This is the area which I have the hardest time judging, given the above-mentioned limitations of my listening experience. They certainly aren’t bad, the midrange and treble of these things sound wonderful to my ears, and most comparisons seems to be either to headphones above their price range, in some cases far above their price range, or to similar or lower priced headphones driven by an amp that, on its own, is similar in cost to the ESP-95x. In a case like this, I think that it’s straight up unfair to compare this set without taking into account the combined cost of the amp and the headphones of whichever setup you’re comparing them to. You can easily compare this set unfavorably to a set of headphones a hundred or two hundred dollars above it, but then the assumption also seems to be that everyone already has a 789 Linear Amplifier or something laying around, and at that point the price difference starts to spiral out of control. This goes double for my personal case, as Denmark probably sports some of the highest VAT’s in Europe and, as such, I have to take that into account. The crazy thing is that, even despite that, domestic prices on Hi-Fi equipment are so ludicrous and are combined with a sufficiently limited selection that it’s still usually a much better deal to just import this stuff.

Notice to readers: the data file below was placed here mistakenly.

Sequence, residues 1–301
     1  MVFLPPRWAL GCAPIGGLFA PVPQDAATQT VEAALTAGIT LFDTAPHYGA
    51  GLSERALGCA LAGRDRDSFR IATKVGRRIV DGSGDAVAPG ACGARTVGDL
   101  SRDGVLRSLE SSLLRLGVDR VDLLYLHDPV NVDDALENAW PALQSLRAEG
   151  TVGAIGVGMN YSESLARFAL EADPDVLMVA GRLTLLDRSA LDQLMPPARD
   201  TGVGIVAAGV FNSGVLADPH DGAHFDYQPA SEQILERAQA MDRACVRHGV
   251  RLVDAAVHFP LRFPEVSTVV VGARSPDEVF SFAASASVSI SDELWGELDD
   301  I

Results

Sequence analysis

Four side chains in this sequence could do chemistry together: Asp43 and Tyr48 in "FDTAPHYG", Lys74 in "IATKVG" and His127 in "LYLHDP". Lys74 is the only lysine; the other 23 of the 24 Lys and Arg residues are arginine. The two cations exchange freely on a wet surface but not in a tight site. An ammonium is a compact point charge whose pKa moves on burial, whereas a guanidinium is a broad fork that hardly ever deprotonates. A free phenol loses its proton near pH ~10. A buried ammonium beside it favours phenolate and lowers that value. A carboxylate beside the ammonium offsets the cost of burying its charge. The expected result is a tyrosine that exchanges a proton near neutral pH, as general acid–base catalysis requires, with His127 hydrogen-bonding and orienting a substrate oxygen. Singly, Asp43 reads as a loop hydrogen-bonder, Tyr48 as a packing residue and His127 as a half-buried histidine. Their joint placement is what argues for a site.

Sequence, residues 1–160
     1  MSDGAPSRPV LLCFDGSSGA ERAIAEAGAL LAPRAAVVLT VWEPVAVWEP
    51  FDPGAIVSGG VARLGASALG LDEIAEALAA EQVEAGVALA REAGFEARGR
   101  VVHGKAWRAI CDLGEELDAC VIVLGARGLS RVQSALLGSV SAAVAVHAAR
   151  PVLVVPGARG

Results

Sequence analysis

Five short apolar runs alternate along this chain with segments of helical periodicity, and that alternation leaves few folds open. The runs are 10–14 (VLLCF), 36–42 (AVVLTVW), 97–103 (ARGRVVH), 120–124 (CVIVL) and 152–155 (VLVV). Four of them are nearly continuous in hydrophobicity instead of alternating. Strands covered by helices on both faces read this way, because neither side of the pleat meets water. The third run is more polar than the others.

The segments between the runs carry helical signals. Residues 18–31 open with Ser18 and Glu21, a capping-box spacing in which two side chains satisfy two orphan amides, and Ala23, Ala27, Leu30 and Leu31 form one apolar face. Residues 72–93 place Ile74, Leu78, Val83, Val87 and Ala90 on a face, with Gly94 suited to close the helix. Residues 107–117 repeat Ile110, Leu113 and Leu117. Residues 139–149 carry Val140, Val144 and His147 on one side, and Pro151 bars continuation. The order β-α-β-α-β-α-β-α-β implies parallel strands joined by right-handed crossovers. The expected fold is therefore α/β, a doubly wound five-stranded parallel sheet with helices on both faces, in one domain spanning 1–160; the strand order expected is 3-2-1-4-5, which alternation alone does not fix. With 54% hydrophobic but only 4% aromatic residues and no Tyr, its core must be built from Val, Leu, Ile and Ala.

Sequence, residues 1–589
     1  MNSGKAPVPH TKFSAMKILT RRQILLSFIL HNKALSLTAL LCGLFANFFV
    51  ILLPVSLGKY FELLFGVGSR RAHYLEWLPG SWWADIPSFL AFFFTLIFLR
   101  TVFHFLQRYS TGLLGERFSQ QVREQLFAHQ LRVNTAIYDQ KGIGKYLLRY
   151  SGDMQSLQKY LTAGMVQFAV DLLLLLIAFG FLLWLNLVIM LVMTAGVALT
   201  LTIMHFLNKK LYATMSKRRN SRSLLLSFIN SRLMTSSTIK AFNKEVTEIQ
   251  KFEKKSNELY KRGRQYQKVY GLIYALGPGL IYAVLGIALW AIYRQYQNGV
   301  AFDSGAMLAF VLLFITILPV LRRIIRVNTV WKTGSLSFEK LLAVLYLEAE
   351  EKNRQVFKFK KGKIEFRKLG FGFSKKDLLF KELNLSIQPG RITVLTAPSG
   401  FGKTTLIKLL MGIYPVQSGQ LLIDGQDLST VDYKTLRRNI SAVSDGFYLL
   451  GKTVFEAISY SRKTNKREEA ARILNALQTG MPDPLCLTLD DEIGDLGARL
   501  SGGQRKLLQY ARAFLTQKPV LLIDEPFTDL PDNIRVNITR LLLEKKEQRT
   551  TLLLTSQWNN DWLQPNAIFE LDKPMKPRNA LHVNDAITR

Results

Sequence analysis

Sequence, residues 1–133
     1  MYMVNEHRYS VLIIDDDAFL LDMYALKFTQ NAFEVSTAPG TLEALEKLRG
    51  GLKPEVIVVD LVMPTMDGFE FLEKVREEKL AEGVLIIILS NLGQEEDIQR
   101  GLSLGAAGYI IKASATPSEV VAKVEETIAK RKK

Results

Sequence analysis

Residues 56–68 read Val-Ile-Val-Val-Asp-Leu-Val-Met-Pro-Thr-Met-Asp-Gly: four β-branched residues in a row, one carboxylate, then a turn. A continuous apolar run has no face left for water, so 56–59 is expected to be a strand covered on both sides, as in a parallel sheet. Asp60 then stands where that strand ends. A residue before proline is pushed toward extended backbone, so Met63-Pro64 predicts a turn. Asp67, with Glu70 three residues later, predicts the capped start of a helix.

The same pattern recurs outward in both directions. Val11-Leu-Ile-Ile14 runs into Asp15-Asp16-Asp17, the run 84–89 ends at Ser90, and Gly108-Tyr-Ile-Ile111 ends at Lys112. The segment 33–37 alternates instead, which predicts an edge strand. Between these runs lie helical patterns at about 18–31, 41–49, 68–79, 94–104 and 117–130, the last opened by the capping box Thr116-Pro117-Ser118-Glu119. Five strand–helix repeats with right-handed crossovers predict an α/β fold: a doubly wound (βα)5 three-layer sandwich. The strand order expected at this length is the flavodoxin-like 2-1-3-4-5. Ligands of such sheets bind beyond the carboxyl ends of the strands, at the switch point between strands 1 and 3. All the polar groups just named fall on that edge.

At this price, though, the ESP-95x does seem to offer quite a lot in terms of raw clarity, but as to whether it’s worth the caveats I will be mentioning below will remain up to the reader to judge.
So, while they certainly are very bass light, I was actually surprised to find that I don’t really find anything lacking myself. The mostly neutral, slightly warm and slightly rolled off signature definitely isn’t for everyone, but I actually find it really enjoyable. I’ve tried both the Oratory EQ settings and Metal571’s own personal EQ settings, just out of curiosity, really, but I didn’t really find either of them to add anything significant without also detracting greatly from other qualities. In case of the Oratory settings, they certainly did add some additional sense of presence to the sound, but they also almost completely removed the sense of spaciousness and airiness that they have. I found that the moments I was most impressed by when listening with those settings applied were also the moments where the music was influenced the least by them. As for Metal571’s settings, they just didn’t do much for me. Oh well, I definitely appreciate the fact that they give others the opportunity of enjoying the 95x more than they would otherwise. Personally I probably wouldn’t go for a system that emphasizes treble more and bass less than this, though.